Conquests of small States, the policy of Colonial expansion, and secret alliances, forbidden in the Covenant of the League, remained the avowed policy of all the major Powers. Specific blame could not be placed on any single country.

It was the common action of all. The result was that every State, big or small, began pursuing the policy of war-preparedness. War-preparedness means increase in armaments and reckless increase in armaments creates a vicious circle, as it causes distrust and panic particularly in small States.

In graver matters the League, thus, failed miserably. Japan was the first to violate the sanctity of the solemn commitments by invading Manchuria in 1931. Till that time the authority of the League of Nations had been impressive. Mussolini was the next to follow Japan. The Duce pounced upon Ethiopia in 1935.

In the meantime Hitler was militarising Rhineland and driving Germany forward on the road of conquest. After resigning from the membership of the League, Germany denounced the Locarno Treaty in 1936 and conquered Austria in 1937. The ineffectiveness of the League was further demonstrated by Germany’s conquest of Czechoslovakia. Then came the subjugation of Poland both by Germany and Russia in September 1939.

Organisation of International Cooperation:

The activities of the League in this sphere were really appreciable. The International Labour Organisation had become a recognized source of information about labour conditions. The League’s financial section presided over the successful rehabilitation of Austria, Hungary and Greece, administering large loans in each case.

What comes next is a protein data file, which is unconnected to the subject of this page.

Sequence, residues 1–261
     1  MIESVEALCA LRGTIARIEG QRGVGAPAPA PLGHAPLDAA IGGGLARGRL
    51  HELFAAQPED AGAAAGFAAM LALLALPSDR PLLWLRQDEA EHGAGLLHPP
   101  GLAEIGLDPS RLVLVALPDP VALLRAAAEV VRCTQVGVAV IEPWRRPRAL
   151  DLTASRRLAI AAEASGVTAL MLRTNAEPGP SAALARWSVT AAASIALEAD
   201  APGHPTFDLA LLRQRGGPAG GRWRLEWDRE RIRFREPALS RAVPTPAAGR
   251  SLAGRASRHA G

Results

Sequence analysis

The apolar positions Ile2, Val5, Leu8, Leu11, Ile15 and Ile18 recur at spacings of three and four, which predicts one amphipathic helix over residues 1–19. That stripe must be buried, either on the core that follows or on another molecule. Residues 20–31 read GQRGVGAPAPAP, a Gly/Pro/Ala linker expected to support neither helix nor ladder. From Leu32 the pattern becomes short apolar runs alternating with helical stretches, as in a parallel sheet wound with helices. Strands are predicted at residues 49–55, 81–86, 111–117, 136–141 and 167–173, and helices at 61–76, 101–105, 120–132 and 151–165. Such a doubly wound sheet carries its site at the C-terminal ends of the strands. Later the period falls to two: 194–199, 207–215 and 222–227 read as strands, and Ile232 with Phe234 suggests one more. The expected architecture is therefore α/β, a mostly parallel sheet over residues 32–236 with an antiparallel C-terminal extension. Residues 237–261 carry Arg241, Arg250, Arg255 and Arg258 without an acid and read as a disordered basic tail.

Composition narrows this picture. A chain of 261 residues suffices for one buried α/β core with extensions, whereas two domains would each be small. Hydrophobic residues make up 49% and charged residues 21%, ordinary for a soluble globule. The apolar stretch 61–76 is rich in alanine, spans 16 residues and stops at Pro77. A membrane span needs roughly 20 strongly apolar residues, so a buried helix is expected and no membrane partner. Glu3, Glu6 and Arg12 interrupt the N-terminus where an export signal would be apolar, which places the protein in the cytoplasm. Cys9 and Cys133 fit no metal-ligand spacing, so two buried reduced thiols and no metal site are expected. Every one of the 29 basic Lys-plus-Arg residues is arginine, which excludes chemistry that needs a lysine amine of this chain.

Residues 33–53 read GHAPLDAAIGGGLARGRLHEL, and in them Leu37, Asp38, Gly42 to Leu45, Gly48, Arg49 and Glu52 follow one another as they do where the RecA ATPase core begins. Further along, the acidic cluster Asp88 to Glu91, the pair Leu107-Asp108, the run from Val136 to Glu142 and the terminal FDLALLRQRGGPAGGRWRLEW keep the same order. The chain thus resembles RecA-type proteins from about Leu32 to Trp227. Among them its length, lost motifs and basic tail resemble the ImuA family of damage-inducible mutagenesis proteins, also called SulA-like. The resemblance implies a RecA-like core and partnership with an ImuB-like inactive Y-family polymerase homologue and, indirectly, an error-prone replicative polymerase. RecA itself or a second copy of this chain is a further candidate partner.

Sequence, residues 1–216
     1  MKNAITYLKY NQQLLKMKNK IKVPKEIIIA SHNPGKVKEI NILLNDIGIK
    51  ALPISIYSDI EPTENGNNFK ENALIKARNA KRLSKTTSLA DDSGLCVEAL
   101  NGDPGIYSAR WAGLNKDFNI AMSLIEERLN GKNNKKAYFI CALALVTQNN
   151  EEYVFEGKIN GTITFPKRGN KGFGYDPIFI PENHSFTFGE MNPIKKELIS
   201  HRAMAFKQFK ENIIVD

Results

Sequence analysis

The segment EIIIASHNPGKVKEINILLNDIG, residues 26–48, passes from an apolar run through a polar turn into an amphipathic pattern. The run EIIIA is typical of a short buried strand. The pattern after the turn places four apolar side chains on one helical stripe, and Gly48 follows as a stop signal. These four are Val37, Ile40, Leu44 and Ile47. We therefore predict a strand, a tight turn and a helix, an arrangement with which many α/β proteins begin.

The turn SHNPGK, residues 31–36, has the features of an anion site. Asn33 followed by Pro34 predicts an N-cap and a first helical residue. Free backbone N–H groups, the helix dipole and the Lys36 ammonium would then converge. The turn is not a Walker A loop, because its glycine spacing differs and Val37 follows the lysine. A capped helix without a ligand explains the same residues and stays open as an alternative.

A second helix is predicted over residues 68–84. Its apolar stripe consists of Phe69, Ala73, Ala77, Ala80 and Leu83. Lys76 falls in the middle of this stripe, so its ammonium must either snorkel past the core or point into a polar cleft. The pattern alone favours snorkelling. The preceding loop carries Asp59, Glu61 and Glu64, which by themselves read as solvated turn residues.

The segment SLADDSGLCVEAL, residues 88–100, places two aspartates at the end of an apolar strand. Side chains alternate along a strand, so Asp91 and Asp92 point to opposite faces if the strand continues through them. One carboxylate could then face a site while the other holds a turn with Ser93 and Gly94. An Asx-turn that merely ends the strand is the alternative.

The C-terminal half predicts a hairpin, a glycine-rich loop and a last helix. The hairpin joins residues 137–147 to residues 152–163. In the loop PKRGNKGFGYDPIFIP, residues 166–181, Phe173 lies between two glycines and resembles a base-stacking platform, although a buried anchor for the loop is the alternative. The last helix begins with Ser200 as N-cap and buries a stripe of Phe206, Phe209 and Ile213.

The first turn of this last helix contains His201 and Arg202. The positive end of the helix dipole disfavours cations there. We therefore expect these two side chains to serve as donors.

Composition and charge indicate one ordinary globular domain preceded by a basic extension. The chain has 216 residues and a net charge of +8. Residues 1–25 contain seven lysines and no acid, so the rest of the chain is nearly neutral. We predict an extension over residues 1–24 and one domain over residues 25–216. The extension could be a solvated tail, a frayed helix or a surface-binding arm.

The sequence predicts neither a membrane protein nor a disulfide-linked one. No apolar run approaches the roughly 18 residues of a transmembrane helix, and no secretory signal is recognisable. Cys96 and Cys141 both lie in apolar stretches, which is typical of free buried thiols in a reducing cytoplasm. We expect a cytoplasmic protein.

The League’s world-wide fight against opium traffic was historic. Similarly, the work of the Transit and Communication Section of the League was admirable. Its work on intellectual cooperation could not be dismissed as negligible.

Causes of the League’s Failure:

On the whole, however, the League of Nations miserably failed in its mission. One of the main reasons for the League’s failure was the international disequilibrium brought about by economic, political and social forces in the post-war period.

Hunger for more land and craze for new markets became a mania with every country, particularly with Germany, Italy, and Japan. Economic nationalism and, thus, a plea, for self-sufficiency undermined the very basis of the League, that is, international goodwill and cooperation.